I meant “relevant market” — sorry for the typo


    Because an item accomplishes the same task cannot be the sole basis for concluding that they are in the same relevant product. Would you say that “cars” is the relevant product market if one were to consider a merger between say GM and Ford?


    Because they accomplish precisely the same task. Customers view them as interchangeable. Manufacturers that make one type can easily make the other. Prices for one type of washer are surely a constraint on prices for the other type. Etc.

    I believe all of this in much the same way that I also believe that Deloreans (look here, for you youngsters out there) are in the same market as cars with regular, vertically-hinged doors.


    Why do you believe that the top and front load washers are not separate markets?


    Gosh, I didn’t know that views on the economic propriety of merger interventions mapped to the political left-right spectrum. I certainly wouldn’t claim to be to the “right” of Majoras, but then I don’t really know her politics, and, if you think mine are far right, you obviously don’t know mine.I find it interesting that out here in ideologue land, where we can’t converse rationally, we’re having a covnersation about the systematic problems of merger review at the agencies, but over there in objectively-rational land, disagreement with the infallible FTC is prima facie evidence of hubris and heresy.Your brief stab at anything resembling a logical argument (about Whole Foods shoppers defecting and Whole Food’s pricing structure) makes, more or less, precisely my point: The FTC (and, apparently, its apologists) has a tendency to view markets in terms of readily-approachable indicia like channels of distribution which may or may not actually map onto economically-relevant reality. I know, because I have seen it, that FTC staff support enforcement recommendations with reassuring heuristics like: “well, I wouldn’t shop at Wal-Mart, so it must be in a separate market.” As I said, I have not seen the data, but my intuition is pretty strong on this one: FTC staffers and you, “market failure, right here,” are not the marginal consumers. And even leaving direct competition between Whole Foods and Wal-Mart aside (although one should not, because, your quaint class consciousness notwithstanding, I’m confident that there is plenty of cross-over between Wal-Mart and Whole Foods shoppers), there is surely strong competition between Whole Foods and [Safeway, QFC, Costco, Harris Teeter, Wegman’s, Kroger, Giant, etc.], to say nothing of competition between all of these stores and Wal-Mart.More to the point, grocery store prices are determined by a fairly complex array of factors, many of which (including demand elasticity) almost certainly put all grocery stores (to say nothing of the potential grocery stores that haven’t yet been built) in the same market. Organic foods compete with non-organic; prepared foods compete with non-prepared foods (and restaurants); manufacturers (not just retailers) have lots of say in pricing; the list goes on. Compartmentalizing for purposes of easier antitrust analysis is like looking for your keys where the light is better, not where you lost them. I understand the desire to make complex markets accessible; I just don’t think it tends to yield the right results.But that’s just the right-wing, fascist ideologue in me talking.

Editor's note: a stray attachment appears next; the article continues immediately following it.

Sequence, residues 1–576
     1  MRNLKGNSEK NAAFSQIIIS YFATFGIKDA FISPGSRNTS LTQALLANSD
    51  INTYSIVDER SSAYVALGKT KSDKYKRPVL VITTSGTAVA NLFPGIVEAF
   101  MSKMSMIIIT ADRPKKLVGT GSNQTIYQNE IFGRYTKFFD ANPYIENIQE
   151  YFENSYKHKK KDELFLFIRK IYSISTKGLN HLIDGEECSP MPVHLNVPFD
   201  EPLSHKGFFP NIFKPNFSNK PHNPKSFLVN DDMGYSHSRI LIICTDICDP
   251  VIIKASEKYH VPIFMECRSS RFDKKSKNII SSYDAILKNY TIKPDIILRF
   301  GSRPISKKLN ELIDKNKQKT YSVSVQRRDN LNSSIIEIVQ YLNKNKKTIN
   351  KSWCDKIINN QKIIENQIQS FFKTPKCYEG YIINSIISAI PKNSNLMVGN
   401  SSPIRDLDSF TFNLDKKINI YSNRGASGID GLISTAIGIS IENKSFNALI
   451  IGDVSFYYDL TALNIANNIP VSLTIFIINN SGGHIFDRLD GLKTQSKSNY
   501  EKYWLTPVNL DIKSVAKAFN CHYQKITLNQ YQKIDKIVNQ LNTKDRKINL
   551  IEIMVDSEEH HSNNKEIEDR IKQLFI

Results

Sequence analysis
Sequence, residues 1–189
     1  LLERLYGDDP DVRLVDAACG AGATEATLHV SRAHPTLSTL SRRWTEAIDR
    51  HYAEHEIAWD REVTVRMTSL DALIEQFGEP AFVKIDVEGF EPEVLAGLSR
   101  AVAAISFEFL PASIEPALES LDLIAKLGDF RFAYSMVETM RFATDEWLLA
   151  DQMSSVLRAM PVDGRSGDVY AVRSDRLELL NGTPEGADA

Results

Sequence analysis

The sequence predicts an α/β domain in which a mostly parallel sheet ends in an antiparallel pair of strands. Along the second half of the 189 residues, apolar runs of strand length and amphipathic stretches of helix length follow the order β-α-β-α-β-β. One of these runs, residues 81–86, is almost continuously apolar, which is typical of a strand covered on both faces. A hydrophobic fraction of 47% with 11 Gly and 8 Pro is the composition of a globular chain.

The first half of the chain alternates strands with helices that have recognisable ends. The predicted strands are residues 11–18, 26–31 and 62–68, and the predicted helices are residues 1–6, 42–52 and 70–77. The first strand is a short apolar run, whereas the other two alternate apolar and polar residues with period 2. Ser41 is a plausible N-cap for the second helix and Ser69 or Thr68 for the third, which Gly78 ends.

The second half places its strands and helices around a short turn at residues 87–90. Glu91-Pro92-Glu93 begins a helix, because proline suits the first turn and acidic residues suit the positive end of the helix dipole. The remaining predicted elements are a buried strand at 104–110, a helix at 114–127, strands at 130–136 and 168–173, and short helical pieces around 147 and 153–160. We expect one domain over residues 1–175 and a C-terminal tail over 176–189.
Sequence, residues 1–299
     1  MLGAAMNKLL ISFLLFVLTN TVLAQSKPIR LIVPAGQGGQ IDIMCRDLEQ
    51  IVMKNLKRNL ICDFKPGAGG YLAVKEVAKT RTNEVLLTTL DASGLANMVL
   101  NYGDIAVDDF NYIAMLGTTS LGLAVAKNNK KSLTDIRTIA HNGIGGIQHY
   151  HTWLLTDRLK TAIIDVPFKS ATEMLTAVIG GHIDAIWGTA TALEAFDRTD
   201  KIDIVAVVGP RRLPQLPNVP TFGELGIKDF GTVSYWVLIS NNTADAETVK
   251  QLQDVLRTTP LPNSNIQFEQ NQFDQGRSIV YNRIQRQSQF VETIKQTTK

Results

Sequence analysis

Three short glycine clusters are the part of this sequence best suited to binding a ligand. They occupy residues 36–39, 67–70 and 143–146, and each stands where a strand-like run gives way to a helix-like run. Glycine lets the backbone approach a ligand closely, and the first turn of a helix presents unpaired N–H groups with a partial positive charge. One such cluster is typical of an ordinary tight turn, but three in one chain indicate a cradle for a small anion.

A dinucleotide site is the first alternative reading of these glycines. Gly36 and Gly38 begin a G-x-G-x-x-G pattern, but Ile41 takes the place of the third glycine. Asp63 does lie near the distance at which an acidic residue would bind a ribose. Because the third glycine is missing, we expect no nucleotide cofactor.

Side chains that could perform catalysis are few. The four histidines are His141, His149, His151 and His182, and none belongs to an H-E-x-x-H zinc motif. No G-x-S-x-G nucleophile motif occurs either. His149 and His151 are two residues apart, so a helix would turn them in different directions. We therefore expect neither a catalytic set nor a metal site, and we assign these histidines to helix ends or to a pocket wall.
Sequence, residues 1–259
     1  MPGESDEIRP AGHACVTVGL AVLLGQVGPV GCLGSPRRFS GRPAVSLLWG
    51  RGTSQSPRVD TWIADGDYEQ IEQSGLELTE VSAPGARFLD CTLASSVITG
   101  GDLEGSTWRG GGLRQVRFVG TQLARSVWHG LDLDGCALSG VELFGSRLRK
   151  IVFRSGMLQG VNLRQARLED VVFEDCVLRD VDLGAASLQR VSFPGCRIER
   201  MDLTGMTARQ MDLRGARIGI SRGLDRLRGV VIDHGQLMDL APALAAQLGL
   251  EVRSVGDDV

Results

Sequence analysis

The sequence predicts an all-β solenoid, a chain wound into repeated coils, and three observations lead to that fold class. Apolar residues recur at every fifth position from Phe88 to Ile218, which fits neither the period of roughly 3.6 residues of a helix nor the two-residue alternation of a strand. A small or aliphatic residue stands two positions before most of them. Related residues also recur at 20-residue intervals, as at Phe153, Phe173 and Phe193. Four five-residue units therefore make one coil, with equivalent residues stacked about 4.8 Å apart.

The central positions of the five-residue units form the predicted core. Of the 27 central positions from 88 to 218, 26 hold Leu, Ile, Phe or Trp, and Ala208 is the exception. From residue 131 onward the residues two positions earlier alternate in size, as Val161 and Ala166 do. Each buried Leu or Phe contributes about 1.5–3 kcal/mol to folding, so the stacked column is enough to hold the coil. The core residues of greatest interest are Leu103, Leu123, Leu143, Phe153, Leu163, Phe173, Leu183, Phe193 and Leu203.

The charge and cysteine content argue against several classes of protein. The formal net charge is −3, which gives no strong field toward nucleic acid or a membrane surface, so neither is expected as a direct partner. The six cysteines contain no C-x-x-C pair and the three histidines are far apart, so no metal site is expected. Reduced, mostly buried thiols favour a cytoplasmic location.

market failure, right here 7 June 2007 at 9:05 am

    I’d like to add that the Commission’s vote was 5-0 in favor of blocking the merger. That includes some pretty conservative votes, including the Chairman.

    Manne–if you’re positioning yourself to the right of Majoras, you’re so far outside the mainstream that you probably can’t even converse rationally about these issues. That’s ideologue-land.

    market failure, right here 7 June 2007 at 8:43 am

    Are you actually suggesting that Staples-Office Depot was incorrectly decided? That’s a rather incredible position, one that puts you squarely outside the mainstream of contemporary antitrust thought.

    Leaving that aside, do you seriously think that a significant number of Whole Foods consumers would defect to WalMart in response to a Small But Significant Non-Transitory Increase in Price (SSNIP)? The demographics are completely different. Do you think Whole Foods accounts for WalMart in their pricing structure? Their strategic decision-making? That’s laughable.

    Why not show a modicum of respect for the FTC staff who have actually reviewed the documents, deposed the corporate witnesses, and crunched the economic data. Your hubris is breathtaking.


    I’m with you on this one, Geoff. The barriers to entry here are virtually nonexistent. With just a phone call, any “non-premium” supermarket could directly compete with Whole Foods on any product it wishes to. And needless to say, there are already many food places besides Whole Foods at which premium organic products are already available.

    You put it very well by suggesting that “[t]he agencies have been down this road before.” One would have thought that by now the lessons of Von’s Grocery had been well learned!